Service Views — list of Views per AWS service
Tag Views — list of Views per tag (if tags are being used)
Custom Views — if you have created any custom View
Vantage automatically presents high-fidelity views for the resources that support CloudWatch metrics.
It is possible to connect multiple AWS accounts to Vantage. You can choose to add multiple AWS accounts to one workspace or multiple Workspaces. This enables context switching when viewing cost reports for different customers.
Since Workspace maintains a separate scope, it is associated with its own set of Views and reports.
To keep track of costs, Vantage provides a weekly report in an email that provides a breakdown per view. For ongoing projects, this helps track and maintain AWS costs. This acts as a soft alarm for the owners of the account to manage costs if they cross the threshold.
Vantage is a relatively new product and they are growing fast! The team at Vantage is working continuously to roll out new features. Here is a preview of this year’s roadmap.
A few days back they already launched Cloud Pricing API. This powerful feature gets me excited the most. Pricing API allows you to have programmatic access to check the latest price for a given cloud provider’s service.
Currently, they support EC2 and RDS “price sheet” programmatically. This development is based on acquiring EC2instances.info, this February. This can enable developers to program the cost optimization principles in their automated processes.
Additionally, the work is also in progress for budgeting and anomaly detection of cloud costs and cost optimization recommendations.
By the end of this year, Vantage also plans to introduce integration with other cloud providers. So if your infrastructure is spread across multiple clouds, you could have a single Vantage point for all.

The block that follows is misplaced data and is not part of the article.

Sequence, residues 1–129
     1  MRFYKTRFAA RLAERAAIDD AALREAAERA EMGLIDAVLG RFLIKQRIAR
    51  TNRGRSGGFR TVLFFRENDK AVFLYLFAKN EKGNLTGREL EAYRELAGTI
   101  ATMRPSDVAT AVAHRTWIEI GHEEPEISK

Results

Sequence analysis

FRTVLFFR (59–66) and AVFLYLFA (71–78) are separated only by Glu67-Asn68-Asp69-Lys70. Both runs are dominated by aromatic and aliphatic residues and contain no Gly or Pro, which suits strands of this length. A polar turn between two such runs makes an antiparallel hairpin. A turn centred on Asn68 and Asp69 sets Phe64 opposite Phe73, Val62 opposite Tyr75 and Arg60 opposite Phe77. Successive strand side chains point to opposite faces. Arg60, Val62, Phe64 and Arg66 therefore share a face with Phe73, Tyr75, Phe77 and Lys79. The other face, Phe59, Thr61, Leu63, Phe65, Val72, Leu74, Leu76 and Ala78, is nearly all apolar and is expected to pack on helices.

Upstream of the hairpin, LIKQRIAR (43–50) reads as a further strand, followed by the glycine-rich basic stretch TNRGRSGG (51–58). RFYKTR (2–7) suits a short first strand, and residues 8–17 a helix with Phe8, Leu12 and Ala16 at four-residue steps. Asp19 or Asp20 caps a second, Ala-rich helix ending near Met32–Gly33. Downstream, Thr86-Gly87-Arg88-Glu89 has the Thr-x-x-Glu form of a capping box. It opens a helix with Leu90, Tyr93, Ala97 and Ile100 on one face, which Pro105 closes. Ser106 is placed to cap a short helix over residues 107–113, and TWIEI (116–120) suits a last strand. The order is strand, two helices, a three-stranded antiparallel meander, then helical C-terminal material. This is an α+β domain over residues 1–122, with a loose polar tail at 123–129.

Vantage is a Ruby on Rails application with PostgreSQL as a database layer. Front-end built-in StimulusJS.
When asked about being in competition with AWS Costing tools, Ben’s response is as below:
“I don’t see us as a competitor, we’re extremely complimentary. Vantage is a great companion app to anyone who has a certain threshold of complexity with their infrastructure, resources and costs. If we did think about it in that regard, we would probably lose because, from a feature parity perspective, it’s nearly impossible to compete with the thousands of engineers they have.”
… and that makes sense. However, I would like to go a step ahead and highlight the importance of 3rd party tooling here. Tools like Vantage are vendor-neutral. They usually break the barriers of vendor lock-in issues — due to which it makes a lot of sense to invest in their services.
If you deal with cloud infrastructure in any way, you should check out Vantage. They even have a Starter pricing plan which is free forever!
Do let me know your views and experiences with Vantage and if there are any specific topics you would like me to cover with respect to this.
Originally published at http://letsdotech.dev on May 3, 2021.